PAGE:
The Iraq War: A History of Wikipedia Changelogs (2010)

Bridle runs the conference gamut from book fairs and South by Southwest to the UNESCO World Forum on Cultural Industries in Lombardia, Italy, where he lectured just weeks ago. His presentations are documented on another website devoted to technology and so-called book futurism, http://booktwo.org/, where he posts a series of essays and updates on his myriad projects. The Frankfurt School is an obvious inspirational go-to, given the titles of his posts and projects: Walter Benjamin's Aura: Open Bookmarks and the form of the eBook (2010), The Author of Everything (2011), and Robot Flâneur (2011). Bridle’s better-known efforts include The Iraq War: A History of Wikipedia Changelogs (2010) a twelve-volume set that chronicles, in print, every change made to the Wikipedia article on the Iraq War; Bookkake (2008) is a digital and print-on-demand publishing system for erotic literature, while bkkeepr (2008) and Open Bookmarks (2010) help users track and share their reading experiences through Twitter and social bookmarking.

Artists' eBooks Screenshot

The Iraq War: A History of Wikipedia Changelogs segues elegantly from the digital to the object worlds; the books qualify the data, physically. I see a different, yet equally compelling set of relational possibilities in the project I chose to focus on for our interview—one that I now know Bridle considers a failure (his words; not mine!): Artists' eBooks is, as its title suggests, a digital imprint designed to provide an experimental publishing platform for writers and artists. In the conversation that follows, we discussed the shifting nature of the reading experience from print to screen, and its implications for the book-as-medium...

READ ON »


The New Aesthetic

(0)

The label reads: =if(Label=”“,”RMA”,”?”)

This is an Excel function. It also would work in Microsoft Access. The factory is using Excel or Access to store all the logos for the different jeans they make and then print them onto leather. This is what happens when there is a bug in their software. (broken counterfeit jeans on Flickr.)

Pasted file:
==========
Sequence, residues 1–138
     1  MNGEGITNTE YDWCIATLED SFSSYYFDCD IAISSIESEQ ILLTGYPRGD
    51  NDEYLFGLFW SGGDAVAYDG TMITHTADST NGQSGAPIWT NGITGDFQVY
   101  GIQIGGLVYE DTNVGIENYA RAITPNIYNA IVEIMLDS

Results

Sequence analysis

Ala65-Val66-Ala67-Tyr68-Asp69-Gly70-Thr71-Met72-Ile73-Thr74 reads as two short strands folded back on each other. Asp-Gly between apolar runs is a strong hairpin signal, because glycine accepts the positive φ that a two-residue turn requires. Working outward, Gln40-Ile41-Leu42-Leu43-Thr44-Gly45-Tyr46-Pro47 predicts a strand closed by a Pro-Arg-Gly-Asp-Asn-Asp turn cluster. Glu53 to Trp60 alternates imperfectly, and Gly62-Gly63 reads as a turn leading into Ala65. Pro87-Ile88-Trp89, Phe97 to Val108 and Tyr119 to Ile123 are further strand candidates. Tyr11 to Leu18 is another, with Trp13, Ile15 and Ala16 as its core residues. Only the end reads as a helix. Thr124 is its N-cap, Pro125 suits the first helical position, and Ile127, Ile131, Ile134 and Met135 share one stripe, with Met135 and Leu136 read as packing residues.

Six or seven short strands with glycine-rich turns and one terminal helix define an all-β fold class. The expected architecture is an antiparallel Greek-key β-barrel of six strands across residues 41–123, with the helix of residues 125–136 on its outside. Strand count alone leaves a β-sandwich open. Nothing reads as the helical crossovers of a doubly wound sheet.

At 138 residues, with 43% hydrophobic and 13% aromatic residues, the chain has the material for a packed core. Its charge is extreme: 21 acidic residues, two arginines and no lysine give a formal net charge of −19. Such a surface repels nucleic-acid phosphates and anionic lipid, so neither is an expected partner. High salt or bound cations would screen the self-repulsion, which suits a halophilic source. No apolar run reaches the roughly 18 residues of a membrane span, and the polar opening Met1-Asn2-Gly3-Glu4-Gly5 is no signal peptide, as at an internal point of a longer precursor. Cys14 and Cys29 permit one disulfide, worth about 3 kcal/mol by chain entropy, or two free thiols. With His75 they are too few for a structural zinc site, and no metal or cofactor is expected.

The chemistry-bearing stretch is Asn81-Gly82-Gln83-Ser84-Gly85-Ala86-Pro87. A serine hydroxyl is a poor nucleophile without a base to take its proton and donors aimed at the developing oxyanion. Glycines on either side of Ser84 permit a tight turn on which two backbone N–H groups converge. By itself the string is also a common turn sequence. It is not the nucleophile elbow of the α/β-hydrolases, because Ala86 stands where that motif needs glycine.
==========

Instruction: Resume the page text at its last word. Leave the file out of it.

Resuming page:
Why do we enjoy 8-bit, glitch, and other technological imagery revealing the seams of its construction? "For a while now, I’ve been collecting images and things that seem to approach a new aesthetic of the future, which sounds more portentous than I mean. What I mean is that we’ve got frustrated with the NASA extropianism space-future, the failure of jetpacks, and we need to see the technologies we actually have with a new wonder." says James Bridle about his tumblr, The New Aesthetic. "It’s an aesthetic born of the grain of seeing/computation... the viewpoint of that other next nature, the robot-readable world," comments Matt Jones at BERG.

READ ON »


Storytelling: An Interview With Nicholas Felton

(0)


Nicholas Felton spends much of his time thinking about data, charts and our daily routines. He is the author of several Personal Annual Reports that collate countless measurements into a rich assortment of graphs and maps reflecting the year’s activities. He is the co-founder of Daytum.com, a site for counting and communicating daily data, and a member of the product design team at Facebook. His work has been profiled in publications including the Wall Street Journal, Wired and Creative Review.

READ ON »


Untitled (Standards) (2009) - Michael Guidetti

(0)

Watercolor on canvas with animated digital projection; Approx 3 hour loop [VIDEO]

LINK »


Grafikdemo (2004) - Niklas Roy

(0)


Grafikdemo is a physical wireframe model of a teapot inside a Commodore CBM cabinet. The model can be rotated by pushing keys on the keyboard. Sophisticated lighting of the model makes it hard for the viewer to distinguish whether he sees a real digital model or a fake computer screen. Grafikdemo explores the transition between reality and representation in a playful way.

-- FROM THE ARTIST'S STATEMENT

LINK »


How Large is an Atom of Music? A Tour through Today’s Spectral Music and Software at UCSD

(3)

Well, the short answer is .093 seconds. That’s about the shortest amount of time mathematicians need to generate a full analysis of a sound’s component frequencies.

On an even smaller scale, computers typically store sound information in 44100 samples per second. This makes up the typical waveform view of sound that most are accustomed to seeing. However, each sample only gives information about amplitude (or volume), which is a pale portrait of sound. Sound in the physical world is essentially an unfolding of waves over time. Therefore, when translating from physical to digital, frequency information over time is essential to give a meaningful atomic definition of any sound.

A waveform view plots time vs. amplitude. A spectrogram plots frequency vs. time with color representing amplitude

Armed with the calculus technique of the Fast Fourier transform, mathematicians typically take the amplitude values from a mere .093 seconds of sound and draw a complete audio portrait. This portrait consists of the volumes of each component frequency that makes up a complex sound.

Thus, the Fourier transform is the key tool for spectralists, a loosely related group of composers and scientists whose goal is to analyze and resynthesize sound using sound’s most basic digital elements. Spectralists literally rip apart sound into its tiniest grains and develop diverse strategies to reconfigure those microsounds into a new sound barely resembling its original form. Between the two poles of granular analysis and synthesis, musicians have only begun to chart a new world of expression.

READ ON »